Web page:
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Suzanne Lacasse, NGI, to deliver the 2015 Rankine Lecture

Press release -

Suzanne Lacasse, NGI, to deliver the 2015 Rankine Lecture

International recognition to NGI

On Wednesday 18th March 2015, Dr Suzanne Lacasse of NGI will give this year’s Rankine Lecture at Imperial College London. It is the first time a woman has been awarded this recognition, often referred to as the Nobel prize of geotechnics. The Rankine Lecture, followed by the Rankine Dinner, is organized annually by the UK Institution of Civil Engineers and the British Geotechnical Association.

Canadian born Suzanne Lacasse first came to NGI from the Massachusetts Institute of Technology in 1978, as a Research Council of Norway (then NTNF) post-doctoral fellow. She became permanent employee at NGI two years later. She was Managing Director of NGI from 1991 to 2011, and now acts as Technical Director at NGI.

"Hazard, risk and reliability in geotechnical practice" is the title of her Rankine lecture. More and more, society requires to know the risk to which people, property and the environment are exposed. The objective of Suzanne Lacasse's Rankine Lecture is to convey that one can implement, with benefit, concepts of hazard, risk and reliability to assist in design, decision-making and engineering recommendations. The lecture illustrates the implementation of hazard, risk and reliability concepts in geotechnical engineering through "real life" case studies.

The Rankine Lecture is widely viewed as the most prestigious of the invited lectures in geotechnics. It commemorates William John Macquorn Rankine (1820-1872), a Scottish civil engineer, physicist and mathematician, Professor of Civil Engineering at the University of Glasgow. He was one of the first engineers in the UK to make a significant contribution to soil mechanics, and he is best known for his work in thermodynamics and soil mechanics. The Rankine method of earth pressure analysis is named after him, so is the Rankine temperature scale.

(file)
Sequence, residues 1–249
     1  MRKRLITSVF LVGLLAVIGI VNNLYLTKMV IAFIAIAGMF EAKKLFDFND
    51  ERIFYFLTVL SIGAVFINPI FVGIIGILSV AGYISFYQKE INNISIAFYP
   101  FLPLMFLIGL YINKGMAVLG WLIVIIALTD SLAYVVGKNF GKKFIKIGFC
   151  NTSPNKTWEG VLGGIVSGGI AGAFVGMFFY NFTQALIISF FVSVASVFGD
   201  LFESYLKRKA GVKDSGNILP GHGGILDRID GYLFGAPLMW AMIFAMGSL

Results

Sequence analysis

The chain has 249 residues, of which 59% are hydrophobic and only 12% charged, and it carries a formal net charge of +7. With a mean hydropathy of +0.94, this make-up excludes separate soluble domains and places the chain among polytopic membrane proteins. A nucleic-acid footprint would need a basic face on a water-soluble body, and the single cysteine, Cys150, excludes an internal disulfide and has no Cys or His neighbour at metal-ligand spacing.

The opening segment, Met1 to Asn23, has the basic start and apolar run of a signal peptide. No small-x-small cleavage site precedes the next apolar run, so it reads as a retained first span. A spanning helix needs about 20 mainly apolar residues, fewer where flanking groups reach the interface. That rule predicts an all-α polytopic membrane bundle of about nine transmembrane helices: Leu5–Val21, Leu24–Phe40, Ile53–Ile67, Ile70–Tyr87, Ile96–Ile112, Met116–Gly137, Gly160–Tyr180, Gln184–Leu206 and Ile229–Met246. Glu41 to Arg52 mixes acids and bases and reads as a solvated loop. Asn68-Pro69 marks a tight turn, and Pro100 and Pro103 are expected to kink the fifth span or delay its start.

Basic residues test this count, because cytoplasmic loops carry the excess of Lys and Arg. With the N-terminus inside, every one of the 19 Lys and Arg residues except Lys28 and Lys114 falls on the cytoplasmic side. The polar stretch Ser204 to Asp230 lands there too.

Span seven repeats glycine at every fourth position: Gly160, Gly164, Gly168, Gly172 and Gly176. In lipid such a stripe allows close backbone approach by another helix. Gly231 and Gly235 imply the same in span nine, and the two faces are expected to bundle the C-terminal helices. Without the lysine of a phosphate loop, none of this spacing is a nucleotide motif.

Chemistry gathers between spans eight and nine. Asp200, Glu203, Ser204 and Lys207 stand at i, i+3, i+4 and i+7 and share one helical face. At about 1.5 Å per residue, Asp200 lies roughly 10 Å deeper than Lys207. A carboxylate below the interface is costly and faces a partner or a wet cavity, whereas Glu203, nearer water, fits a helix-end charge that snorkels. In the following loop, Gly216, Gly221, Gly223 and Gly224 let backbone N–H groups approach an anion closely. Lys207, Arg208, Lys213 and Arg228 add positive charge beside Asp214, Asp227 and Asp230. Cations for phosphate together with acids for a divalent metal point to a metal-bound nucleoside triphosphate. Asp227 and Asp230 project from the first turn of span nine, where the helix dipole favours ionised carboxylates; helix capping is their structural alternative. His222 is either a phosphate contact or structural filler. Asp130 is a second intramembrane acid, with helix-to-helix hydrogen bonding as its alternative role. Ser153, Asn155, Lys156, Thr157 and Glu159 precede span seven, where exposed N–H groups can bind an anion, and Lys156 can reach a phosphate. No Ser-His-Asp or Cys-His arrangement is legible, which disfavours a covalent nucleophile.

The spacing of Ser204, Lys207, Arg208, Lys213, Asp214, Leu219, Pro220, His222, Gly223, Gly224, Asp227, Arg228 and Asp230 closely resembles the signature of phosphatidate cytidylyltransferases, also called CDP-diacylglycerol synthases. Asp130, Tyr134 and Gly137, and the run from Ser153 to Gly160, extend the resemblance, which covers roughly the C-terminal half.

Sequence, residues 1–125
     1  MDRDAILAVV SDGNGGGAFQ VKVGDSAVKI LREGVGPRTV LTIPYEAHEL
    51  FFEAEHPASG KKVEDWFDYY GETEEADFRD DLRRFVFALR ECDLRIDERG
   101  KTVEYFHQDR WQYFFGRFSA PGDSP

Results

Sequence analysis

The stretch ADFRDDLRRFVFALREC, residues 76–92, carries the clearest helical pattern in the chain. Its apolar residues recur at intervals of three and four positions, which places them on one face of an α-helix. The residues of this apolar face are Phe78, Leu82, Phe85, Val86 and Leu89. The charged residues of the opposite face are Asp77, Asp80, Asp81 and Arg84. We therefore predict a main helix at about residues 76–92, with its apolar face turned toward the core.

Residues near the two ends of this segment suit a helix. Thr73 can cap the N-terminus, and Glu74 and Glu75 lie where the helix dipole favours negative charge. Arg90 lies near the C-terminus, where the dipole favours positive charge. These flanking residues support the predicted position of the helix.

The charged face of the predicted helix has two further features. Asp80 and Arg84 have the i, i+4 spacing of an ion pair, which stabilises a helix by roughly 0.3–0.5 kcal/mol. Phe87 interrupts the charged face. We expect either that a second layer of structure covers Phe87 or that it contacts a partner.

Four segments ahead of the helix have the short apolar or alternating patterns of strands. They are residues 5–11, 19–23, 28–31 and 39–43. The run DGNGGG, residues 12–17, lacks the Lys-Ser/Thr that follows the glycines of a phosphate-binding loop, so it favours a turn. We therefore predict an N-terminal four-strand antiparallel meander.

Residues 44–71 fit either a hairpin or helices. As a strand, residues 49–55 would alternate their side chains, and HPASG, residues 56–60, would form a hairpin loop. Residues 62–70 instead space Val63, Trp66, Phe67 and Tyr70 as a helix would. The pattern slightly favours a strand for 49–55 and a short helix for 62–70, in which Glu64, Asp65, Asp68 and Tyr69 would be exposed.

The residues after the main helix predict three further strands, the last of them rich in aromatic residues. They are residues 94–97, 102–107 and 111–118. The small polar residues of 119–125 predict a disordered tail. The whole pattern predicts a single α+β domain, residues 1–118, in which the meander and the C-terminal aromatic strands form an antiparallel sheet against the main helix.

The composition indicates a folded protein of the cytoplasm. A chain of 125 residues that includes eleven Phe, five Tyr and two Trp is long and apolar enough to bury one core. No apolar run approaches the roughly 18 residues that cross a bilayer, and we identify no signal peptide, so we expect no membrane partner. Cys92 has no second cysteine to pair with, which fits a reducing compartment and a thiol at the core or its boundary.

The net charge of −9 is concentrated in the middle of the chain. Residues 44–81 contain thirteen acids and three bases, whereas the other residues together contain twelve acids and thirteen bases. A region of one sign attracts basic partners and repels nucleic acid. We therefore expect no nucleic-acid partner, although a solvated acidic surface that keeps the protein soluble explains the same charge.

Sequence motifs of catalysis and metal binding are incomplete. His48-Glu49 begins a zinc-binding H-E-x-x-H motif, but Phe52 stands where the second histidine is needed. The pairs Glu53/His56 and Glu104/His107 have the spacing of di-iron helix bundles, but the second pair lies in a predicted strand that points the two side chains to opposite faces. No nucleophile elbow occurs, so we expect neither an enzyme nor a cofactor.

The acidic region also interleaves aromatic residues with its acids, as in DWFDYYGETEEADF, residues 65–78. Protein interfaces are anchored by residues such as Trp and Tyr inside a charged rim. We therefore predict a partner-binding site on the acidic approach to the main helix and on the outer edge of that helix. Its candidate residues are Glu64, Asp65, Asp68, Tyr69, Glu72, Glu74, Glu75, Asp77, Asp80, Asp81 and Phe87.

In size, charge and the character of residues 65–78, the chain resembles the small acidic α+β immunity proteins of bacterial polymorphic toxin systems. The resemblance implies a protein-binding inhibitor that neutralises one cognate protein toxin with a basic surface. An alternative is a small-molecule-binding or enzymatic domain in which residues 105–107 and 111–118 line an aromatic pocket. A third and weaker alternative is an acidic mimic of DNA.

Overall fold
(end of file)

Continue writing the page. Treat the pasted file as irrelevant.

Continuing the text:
The Rankine lecture was given for the first time in 1961 by Arthur Casagrande of Harvard University. In 1967, NGI’s first Managing Director, Dr Laurits Bjerrum, was awarded the honour of giving the Rankine Lecture. His "Engineering geology of Norwegian normally consolidated clays as related to settlements of buildings", was published in Geotechnique and is an often cited reference in geotechnical practice.

Subjects


The Norwegian Geotechnical Institute (NGI) is a leading international centre for research and consulting within the geosciences. NGI develops optimum solutions for society, and offers expertise on the behaviour of soil, rock and snow and their interaction with the natural and built environment.
NGI works within the markets Offshore energy; Building, construction and transportation; Natural hazards, and Environmental Engineering.
NGI is a private foundation with office and laboratory in Oslo, branch office in Trondheim, and daughter companies in Houston, Texas, USA, and Perth, Western Australia. NGI was established in 1953.

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The Norwegian Geotechnical Institute (NGI) is a leading international centre for research and consulting within the geosciences. NGI develops optimum solutions for society, and offers expertise on the behaviour of soil, rock and snow and their interaction with the natural and built environment.
NGI works within the markets Offshore energy; Building, construction and transportation; Natural hazards, and Environmental Engineering.
NGI is a private foundation with office and laboratory in Oslo, branch office in Trondheim, and daughter companies in Houston, Texas, USA, and Perth, Western Australia. NGI was established in 1953.

NORWEGIAN GEOTECHNICAL INSTITUTE
Street address: Sognsveien 72, Oslo. Post: P O Box 3930 Ullevaal Stadion, NO-0806 Oslo.
Oslo
Norway